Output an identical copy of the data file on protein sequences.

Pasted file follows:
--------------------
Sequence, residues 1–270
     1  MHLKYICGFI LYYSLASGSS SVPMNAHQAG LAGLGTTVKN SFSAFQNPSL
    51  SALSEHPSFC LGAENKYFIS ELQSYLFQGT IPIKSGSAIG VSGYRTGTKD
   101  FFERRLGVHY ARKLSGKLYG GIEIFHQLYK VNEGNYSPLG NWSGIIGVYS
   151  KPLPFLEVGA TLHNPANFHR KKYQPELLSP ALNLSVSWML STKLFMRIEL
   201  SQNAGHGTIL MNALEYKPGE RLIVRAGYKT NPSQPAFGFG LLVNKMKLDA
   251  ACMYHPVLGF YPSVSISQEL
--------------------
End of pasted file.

Sequence, residues 1–270
     1  MHLKYICGFI LYYSLASGSS SVPMNAHQAG LAGLGTTVKN SFSAFQNPSL
    51  SALSEHPSFC LGAENKYFIS ELQSYLFQGT IPIKSGSAIG VSGYRTGTKD
   101  FFERRLGVHY ARKLSGKLYG GIEIFHQLYK VNEGNYSPLG NWSGIIGVYS
   151  KPLPFLEVGA TLHNPANFHR KKYQPELLSP ALNLSVSWML STKLFMRIEL
   201  SQNAGHGTIL MNALEYKPGE RLIVRAGYKT NPSQPAFGFG LLVNKMKLDA
   251  ACMYHPVLGF YPSVSISQEL